Does your organisation have an Equality, Diversity and Inclusion (EDI) policy?
Is your organisation’s EDI policy compliant with the law?
Can your organisation fairly balance an inherent conflict of rights between protected characteristics?
Does your organisation understand the single-sex exception and when it can be lawfully applied/not applied?
AEA will work with your organisation to:
- assess your EDI policy for compliance with equality legislation
- provide policy-development support for organisations that do not have an EDI policy
- ensure your organisation understands the potential conflicts of interest between protected characteristics and how to fairly balance competing rights
- ensure your organisation understands the single-sex exception and the permissible discrimination that is central to that exception
- highlight areas of unease and potential conflict
An example of our two-part consultancy package:
- Client Risk Profile
We will assess your policies and operations for legal liability, in terms of service-provision and/or in the workplace, and identify other types of risk.
- Mitigate Risk
We will highlight means and methods by which identified legal and other risks may be mitigated.
It is commonly acknowledged that a happy workplace is a productive workplace. A diverse workforce is equally acknowledged as being of great benefit to organisations. Diversity also better reflects the wider population and is therefore morally justifiable. It does, however, introduce a potential for conflicts of interest, which have to be managed.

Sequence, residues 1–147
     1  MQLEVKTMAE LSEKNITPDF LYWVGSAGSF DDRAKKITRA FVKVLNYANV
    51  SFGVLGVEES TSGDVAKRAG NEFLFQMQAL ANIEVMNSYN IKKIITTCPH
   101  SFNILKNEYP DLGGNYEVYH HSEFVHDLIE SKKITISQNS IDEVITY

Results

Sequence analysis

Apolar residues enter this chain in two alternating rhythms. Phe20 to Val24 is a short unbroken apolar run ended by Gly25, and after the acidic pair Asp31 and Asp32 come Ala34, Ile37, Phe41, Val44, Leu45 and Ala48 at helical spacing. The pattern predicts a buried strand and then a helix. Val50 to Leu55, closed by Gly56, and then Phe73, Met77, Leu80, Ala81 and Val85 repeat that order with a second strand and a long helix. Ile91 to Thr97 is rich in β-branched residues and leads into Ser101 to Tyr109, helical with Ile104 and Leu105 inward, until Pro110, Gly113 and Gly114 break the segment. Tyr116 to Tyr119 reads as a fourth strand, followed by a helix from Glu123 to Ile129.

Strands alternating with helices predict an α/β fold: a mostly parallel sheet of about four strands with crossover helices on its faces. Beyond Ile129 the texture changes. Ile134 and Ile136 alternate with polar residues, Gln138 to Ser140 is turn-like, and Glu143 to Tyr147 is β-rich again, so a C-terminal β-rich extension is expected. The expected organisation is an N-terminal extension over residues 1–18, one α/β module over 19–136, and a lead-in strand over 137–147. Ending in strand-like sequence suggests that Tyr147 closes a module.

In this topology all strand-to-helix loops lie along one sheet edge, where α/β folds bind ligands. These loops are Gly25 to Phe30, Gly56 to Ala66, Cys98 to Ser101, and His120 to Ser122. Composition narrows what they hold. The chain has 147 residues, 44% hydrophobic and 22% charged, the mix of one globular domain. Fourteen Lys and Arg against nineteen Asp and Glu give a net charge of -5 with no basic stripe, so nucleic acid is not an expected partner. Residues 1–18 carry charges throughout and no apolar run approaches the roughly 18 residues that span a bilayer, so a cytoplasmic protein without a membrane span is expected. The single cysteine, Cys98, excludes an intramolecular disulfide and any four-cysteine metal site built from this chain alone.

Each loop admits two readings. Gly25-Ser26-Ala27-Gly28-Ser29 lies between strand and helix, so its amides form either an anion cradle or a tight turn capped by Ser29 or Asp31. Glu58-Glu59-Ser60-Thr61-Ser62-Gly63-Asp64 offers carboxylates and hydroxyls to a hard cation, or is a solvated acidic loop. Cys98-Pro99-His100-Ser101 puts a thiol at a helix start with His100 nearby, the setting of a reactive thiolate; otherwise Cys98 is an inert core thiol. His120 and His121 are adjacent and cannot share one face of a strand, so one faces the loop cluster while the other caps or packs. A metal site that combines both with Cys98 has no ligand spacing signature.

For organisations with a public sector equality duty (PSED), there is a requirement in the 2010 Equality Act to ‘foster good relations between those of a protected characteristic and those not’.
Though a PSED is not applicable to non-public organisations, fostering good relations between protected characteristics is clearly in the interests of all organisations.
Allowing employees and or clients/service-users to have a say on planned change – especially change that is sensitive and likely to be controversial – is an effective way to manage potential conflict. It also embeds trust in senior management and is an effective route to workplace harmony and for client/service-user contentment.
However, there must also be confidence in the process itself.
In the case of applying, or not applying, the ‘single-sex exception’, consulting with employees can be hampered. Fear of recrimination from co-workers and/or management, as well as concern for possible negative repercussions on career prospects, can deter employees from voicing an honest opinion.
This defeats the very point of consulting and will skew consultation results. It also leaves underlying discord unaddressed which can sour work relations, with a potential negative impact on productivity.
An internal consultation outsourced to an external agency can bolster employee-confidence, not only in the consultation process itself but also in your organisation’s impartiality.
It will also serve to shield your organisation’s operations and reputation should adverse reactions arise.
AEA offers an impartial anonymised consultation mechanism to manage and facilitate consultation with your employees.